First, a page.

Of importance is the fact that the bracket-locating devices 30, 36, 42 are rigidly secured to the cap 28 such that there is no relative movement or flexure therebetween. Thus, the material of the cap 28 as well as those for the bracket-locating device must be such as to prevent any such movement or flexure.
Upon completion of the cap 28 with the attached bracket-locating devices, the cap 28 is sectioned transversely to provide one cap for each replica as shown more clearly in FIG. 8, this cap being indicated by the numeral 28a. The cap 28a may have the lateral sides removed such that it will consist of labial, incisal and lingual portions only or in the alternative may entirely surround the crown of the replica. As the sectioned caps are removed from the respective replicas, they are identified in relation to the corresponding tooth for later use by the practitioner. The combination of the bracket-locating device and cap 28a of FIG. 8 is referred to hereinafter as the bracket orientation module generally indicated by the reference numeral 56.
In direct bonding brackets now to the patient's teeth, the practitioner utilizes the modules 56. With respect to a particular tooth, the practitioner selects the module 56 so identified. The cap 28a is placed over the crown of that tooth. Since that cap 28a has, in effect, been customized to fit intimately only that tooth, once it is fitted over the crown, the orientation module 56 becomes precisely registered with the location on the labial surface where the bracket is to be bonded.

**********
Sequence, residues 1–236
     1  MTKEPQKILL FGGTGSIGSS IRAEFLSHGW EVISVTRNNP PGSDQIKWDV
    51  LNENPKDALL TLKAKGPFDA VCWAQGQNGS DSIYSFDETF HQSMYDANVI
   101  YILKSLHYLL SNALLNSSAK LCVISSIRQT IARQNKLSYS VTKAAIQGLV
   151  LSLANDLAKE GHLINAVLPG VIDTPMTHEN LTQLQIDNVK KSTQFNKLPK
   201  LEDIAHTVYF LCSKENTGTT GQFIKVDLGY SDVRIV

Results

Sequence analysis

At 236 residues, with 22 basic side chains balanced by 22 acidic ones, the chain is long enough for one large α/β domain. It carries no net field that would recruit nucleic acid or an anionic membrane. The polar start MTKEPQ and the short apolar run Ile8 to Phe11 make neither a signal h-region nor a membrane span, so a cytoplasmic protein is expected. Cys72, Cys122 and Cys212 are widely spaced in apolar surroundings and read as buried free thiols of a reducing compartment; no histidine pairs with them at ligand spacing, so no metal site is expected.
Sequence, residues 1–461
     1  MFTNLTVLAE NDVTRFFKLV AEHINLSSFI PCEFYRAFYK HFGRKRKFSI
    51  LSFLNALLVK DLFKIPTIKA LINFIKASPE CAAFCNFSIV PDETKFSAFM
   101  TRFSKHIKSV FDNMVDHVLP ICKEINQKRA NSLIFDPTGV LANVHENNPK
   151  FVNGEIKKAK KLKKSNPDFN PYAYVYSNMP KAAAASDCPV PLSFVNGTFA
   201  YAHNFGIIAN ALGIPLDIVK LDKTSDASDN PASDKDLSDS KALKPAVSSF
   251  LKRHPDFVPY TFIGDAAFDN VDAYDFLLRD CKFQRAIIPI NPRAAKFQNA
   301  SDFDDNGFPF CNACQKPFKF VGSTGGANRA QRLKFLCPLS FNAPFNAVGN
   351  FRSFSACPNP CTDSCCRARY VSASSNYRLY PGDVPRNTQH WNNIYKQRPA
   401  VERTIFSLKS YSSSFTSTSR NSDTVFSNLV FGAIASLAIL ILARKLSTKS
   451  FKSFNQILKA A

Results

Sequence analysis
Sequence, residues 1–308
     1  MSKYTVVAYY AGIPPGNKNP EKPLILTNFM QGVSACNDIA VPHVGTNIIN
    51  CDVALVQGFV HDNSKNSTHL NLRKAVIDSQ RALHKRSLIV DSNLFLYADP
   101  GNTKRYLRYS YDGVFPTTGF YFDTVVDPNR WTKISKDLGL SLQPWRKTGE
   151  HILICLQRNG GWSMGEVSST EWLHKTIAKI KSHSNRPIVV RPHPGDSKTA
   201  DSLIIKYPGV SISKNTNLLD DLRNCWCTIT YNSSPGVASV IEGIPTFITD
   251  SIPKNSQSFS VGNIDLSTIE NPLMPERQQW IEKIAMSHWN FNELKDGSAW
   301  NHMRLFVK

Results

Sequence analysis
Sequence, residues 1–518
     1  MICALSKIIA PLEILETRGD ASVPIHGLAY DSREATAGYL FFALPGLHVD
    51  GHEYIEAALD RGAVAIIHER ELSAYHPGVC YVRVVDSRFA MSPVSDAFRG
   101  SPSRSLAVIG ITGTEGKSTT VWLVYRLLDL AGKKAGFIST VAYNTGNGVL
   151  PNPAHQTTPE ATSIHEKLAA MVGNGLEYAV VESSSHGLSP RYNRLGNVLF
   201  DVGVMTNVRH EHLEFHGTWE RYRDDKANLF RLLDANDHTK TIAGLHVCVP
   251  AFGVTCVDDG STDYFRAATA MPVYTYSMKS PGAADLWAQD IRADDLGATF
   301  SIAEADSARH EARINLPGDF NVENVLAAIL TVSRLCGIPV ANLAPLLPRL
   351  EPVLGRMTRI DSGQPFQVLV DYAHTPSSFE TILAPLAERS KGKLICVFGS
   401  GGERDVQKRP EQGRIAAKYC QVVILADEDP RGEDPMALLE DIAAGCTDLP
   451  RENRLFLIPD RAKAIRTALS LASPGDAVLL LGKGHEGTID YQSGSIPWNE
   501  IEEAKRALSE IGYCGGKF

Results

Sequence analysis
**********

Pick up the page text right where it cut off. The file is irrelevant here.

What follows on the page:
Location and bonding of the bracket is accomplished by applying cement to the bracket foot or tooth in accordance with conventional practice, mounting the bracket 48 with the slot 46 thereof on the plunger projection 44, inserting the plunger 42 in the slot 32, sliding the latter toward the tooth to a point at which the bracket is firmly positioned on the tooth surface. The plunger 42 is held in this position until the cement cures or sets at which time the plunger 42 is retracted and the module 56 is removed from the tooth. Brackets are applied to the other teeth in the patient's mouth in the same manner. Once installed, an arch wire which may be of the smoothly curvilinear configuration already described is secured in the bracket slots in accordance with conventional practice. Assuming that none of the brackets become damaged or lost during the treatment period, once the teeth have been moved to positions at which the slots and the brackets are coplanar and otherwise conform to the shape of the coplanar arch wire, the treatment is essentially complete.